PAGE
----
It will be understood that the recombinant growth factor(s), such as PSAF, may differ from naturally- produced growth factor in certain ways. In particular, the degree of post-translational modifications, such as, for example, glycosylation and phosphorylation may be different between the recombinant protein and the protein purified from a natural source, such as the conditioned medium or the bone marrow cell aspirates.

All of the compositions and methods disclosed and claimed herein can be made and executed without undue experimentation in light of the present disclosure. While the compositions and methods of this invention have been described in terms of preferred embodiments, it will be apparent to those of skill in the art that variations may be applied to the composition, methods and in the steps or in the sequence of steps of the method described herein without departing from the concept, spirit and scope of the invention. More specifically, it will be apparent that certain agents which are both chemically and physiologically related may be substituted for the agents described herein while the same or similar results would be achieved. All such similar substitutes and modifications apparent to those skilled in the art are deemed to be within the spirit, scope and concept of the invention as defined by the appended claims.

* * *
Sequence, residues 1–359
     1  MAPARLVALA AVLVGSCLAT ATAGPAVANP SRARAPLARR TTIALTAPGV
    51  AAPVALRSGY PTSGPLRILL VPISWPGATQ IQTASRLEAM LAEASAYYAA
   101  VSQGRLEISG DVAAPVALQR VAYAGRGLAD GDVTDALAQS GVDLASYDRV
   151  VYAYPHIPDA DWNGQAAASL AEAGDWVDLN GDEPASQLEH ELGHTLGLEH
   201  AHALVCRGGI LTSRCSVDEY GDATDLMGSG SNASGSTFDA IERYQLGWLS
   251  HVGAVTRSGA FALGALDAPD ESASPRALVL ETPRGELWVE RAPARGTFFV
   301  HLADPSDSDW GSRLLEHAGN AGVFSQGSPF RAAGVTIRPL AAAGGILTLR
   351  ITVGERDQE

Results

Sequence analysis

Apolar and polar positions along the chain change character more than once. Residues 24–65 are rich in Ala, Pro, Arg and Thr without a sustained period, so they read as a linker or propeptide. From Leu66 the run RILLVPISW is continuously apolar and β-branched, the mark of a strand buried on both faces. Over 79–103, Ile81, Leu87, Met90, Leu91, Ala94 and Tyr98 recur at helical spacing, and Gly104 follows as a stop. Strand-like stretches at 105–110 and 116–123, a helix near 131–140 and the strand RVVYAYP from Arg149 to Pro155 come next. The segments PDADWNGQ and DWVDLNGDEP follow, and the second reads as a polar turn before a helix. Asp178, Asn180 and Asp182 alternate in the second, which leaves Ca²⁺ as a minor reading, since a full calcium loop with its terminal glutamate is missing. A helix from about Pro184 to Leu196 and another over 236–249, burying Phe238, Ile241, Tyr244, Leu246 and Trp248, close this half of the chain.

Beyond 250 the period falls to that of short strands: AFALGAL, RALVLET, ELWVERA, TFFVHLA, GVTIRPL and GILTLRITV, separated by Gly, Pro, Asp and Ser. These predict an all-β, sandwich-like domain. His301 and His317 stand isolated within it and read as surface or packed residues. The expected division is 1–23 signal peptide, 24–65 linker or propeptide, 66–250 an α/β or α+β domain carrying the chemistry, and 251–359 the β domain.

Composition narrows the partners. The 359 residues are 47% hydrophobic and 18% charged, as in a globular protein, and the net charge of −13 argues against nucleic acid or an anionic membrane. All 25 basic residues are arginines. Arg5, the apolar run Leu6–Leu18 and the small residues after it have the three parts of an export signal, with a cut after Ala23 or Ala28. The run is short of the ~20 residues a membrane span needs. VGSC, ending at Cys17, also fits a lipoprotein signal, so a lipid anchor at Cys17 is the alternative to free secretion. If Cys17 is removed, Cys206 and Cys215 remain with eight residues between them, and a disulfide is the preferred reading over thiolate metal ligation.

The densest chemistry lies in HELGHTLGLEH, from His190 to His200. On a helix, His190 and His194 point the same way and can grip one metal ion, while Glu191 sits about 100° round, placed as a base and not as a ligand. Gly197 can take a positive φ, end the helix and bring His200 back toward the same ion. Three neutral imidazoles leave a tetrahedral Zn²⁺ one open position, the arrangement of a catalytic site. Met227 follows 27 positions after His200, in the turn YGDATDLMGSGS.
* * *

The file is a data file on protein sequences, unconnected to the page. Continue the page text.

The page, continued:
REFERENCES

The following references, to the extent that they provide exemplary procedural or other details supplementary to those set forth herein, are specifically incorporated herein by reference.

Batson, O.V., "The function of the vertebral veins and their role in the spread of metastasis," Ann . Surg. , 112:138-149, 1940.

Berrettoni, B.A., and J.R. Carter, "Mechanisms of cancer metastases to bone," J. Bone J. Surg. Am. , 68A:308-312, 1986.

Camps et al . , "Fibroblast-mediated acceleration of human epithelial tumor growth in vivo, " Proc. Natl . Acad. Sci . , 87:75-79, 1990.

Canalis et al . , "Isolation and characterization of insulin-like growth factor I (somatomedin-C) from cultures of fetal rat calvariae, " Endocrinology, 122:22-27, 1988.

Capaldi et al . , Biochem . Biophys. Res . Comm . , 76:425, 1977. Carter, H.B.,and D.S. Coffey, "The prostate: An increasing medical problem," The Prostate, 16:39-48, 1990.

Chackel-Roy, et al . , "Stimulation of human prostatic carcinoma cell growth by factors present in human bone marrow," J". Clin . Invest . , 84:43-50, 1989.

Chan et al . , Biochem . Biophys . Res . Comm . , 134:1223-1230, 1986.

Chang, S.M., and Chung, L.W.K., "Interaction between prostatic fibroblast and epithelial cells in culture: Role of androgen," Endocrinology, 125:2719-2727, 1989.

Chi et al . , "Detection of human plasma-associated hepatitis (MAb) : The same MAb can be used as both capture and tracer antibody," Diagnosis & Clin . Immunol . , 5:91- 99, 1987.